4. The effect of the use on the market for the work. This really asks the question: "If the use was widespread, and the use was not fair, would the copyright owner be losing money?” In essence, could the use avoid the payment of royalties in an established permissions market?
Use of a copyrighted work need not satisfy all four factors to qualify as fair use; rather, the factors favoring fair use must outweigh the factors favoring obtaining permission.
C. Distance Education
The Technology, Education and Copyright Harmonization (TEACH) Act of 2002 amended section 110 of the copyright law. It allows displays and performances of copyrighted works to be transmitted (distance education) and used for instructional purposes, without permission of the copyright holder, if numerous conditions are met.
III. Ownership of Employee-Created Instructional Materials
Under the UW System Policy on Ownership of Copyrightable Instructional Materials, http://www.uwsa.edu/fadmin/gapp/gapp27.htm (GAPP 27), the faculty member usually owns all rights in his or her creations. For instance, a professor who creates a scholarly article in the course of research at a UW System institution, would ordinarily own the copyright in it. The institution may have an interest, however, if it contributed substantial institutional resources in the creation of the work. "Substantial" resources could include providing the creator with paid release time from his or her job, or allowing the employee exceptional access to specialized computer resources to create the work. In practice, when an author uses institutional resources to create a protected work, it is best to agree with the institution beforehand about ownership and control of the work. GAPP 27 includes a sample agreement to allocate rights and interests in copyrighted works between the institution and the employee author.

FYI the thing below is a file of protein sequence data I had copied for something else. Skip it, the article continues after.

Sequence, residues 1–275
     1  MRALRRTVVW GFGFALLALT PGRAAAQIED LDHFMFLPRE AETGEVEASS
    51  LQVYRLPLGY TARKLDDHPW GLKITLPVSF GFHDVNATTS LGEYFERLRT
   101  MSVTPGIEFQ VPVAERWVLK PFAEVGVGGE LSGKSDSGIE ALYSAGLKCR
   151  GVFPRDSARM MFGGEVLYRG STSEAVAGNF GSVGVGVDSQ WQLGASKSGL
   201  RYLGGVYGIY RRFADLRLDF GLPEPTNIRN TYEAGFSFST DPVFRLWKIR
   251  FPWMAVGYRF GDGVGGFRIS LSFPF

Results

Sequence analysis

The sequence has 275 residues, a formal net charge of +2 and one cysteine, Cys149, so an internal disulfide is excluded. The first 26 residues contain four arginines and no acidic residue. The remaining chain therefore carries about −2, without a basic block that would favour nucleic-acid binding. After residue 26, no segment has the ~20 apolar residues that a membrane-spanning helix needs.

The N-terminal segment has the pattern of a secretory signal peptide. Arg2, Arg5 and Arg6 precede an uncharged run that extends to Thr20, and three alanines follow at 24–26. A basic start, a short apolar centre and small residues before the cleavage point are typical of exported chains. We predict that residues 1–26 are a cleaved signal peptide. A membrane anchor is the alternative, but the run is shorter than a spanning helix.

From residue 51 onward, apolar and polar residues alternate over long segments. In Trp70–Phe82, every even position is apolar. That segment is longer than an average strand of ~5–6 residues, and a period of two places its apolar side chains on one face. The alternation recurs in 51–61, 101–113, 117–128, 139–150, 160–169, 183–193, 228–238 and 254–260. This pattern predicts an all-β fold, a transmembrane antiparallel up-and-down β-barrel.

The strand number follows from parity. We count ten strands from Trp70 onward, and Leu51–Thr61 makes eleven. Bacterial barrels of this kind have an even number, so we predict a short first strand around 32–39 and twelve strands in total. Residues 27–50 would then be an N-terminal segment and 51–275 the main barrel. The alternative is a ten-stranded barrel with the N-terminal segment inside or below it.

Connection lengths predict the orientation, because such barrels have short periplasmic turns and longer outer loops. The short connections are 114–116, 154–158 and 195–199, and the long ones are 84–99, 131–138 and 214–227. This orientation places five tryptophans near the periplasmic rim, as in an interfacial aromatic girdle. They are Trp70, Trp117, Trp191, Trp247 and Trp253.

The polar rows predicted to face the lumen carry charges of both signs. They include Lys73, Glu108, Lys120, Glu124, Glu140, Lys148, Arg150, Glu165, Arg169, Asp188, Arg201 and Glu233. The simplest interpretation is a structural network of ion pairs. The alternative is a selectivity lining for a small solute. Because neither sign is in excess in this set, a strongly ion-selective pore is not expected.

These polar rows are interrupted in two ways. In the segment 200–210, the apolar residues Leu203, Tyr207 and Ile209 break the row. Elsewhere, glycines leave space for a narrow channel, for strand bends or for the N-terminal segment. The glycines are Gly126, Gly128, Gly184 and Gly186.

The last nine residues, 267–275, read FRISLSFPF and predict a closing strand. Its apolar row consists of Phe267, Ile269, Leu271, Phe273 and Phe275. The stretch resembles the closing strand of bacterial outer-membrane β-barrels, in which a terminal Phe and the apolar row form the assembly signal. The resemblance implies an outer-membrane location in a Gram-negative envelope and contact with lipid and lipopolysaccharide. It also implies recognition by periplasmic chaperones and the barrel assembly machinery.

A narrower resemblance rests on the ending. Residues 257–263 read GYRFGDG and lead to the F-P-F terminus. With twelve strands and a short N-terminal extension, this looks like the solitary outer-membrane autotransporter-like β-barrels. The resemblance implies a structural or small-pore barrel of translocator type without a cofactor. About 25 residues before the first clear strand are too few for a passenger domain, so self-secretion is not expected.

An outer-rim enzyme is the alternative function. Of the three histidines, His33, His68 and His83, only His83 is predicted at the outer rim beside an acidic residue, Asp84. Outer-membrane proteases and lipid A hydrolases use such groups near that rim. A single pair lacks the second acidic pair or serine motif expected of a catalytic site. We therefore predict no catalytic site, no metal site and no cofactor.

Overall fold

IV. University Obligations Regarding Copyright: (University name) sets forth these procedures for all faculty, staff and students to demonstrate our respect for intellectual property and commitment to proper fair use:
A. The utilization of copyrighted work either must have the permission of the copyright owner, either directly or through a representative or meet the fair use exception or another recognized exception to the exclusive rights of the copyright owner.
B. Faculty, staff and students must obtain permission from copyright holders directly, or their licensing representative, if the use does not fit within a recognized exception to the copyright owner’s exclusive rights. An appendix to the UW System Policy on Ownership of Copyrightable Instructional Materials (GAPP 27) includes a sample letter (http://www.uwsa.edu/fadmin/gapp/gp27at_c.htm) requesting permission to use copyrighted materials. Alternatively, permission may be obtained from centralized clearinghouses for the use of various kinds of works:
· Books or
· Musical works: ASCAP, BMI or SESAC
· Motion Pictures: the Motion Picture Licensing Corporation
C. (University copyright officer name and title), is designated as the copyright officer to administer the campus copyright procedures. The copyright officer can help handle any special copyright issues, including questions regarding fair use. You also may consult the UW System Office of General Counsel or your campus legal counsel.
D. Faculty, staff and students are encouraged to educate their peers on copyright compliance and fair use. Faculty, staff or students who illegally duplicate copyrighted works may be subject to disciplinary, criminal and/or civil action.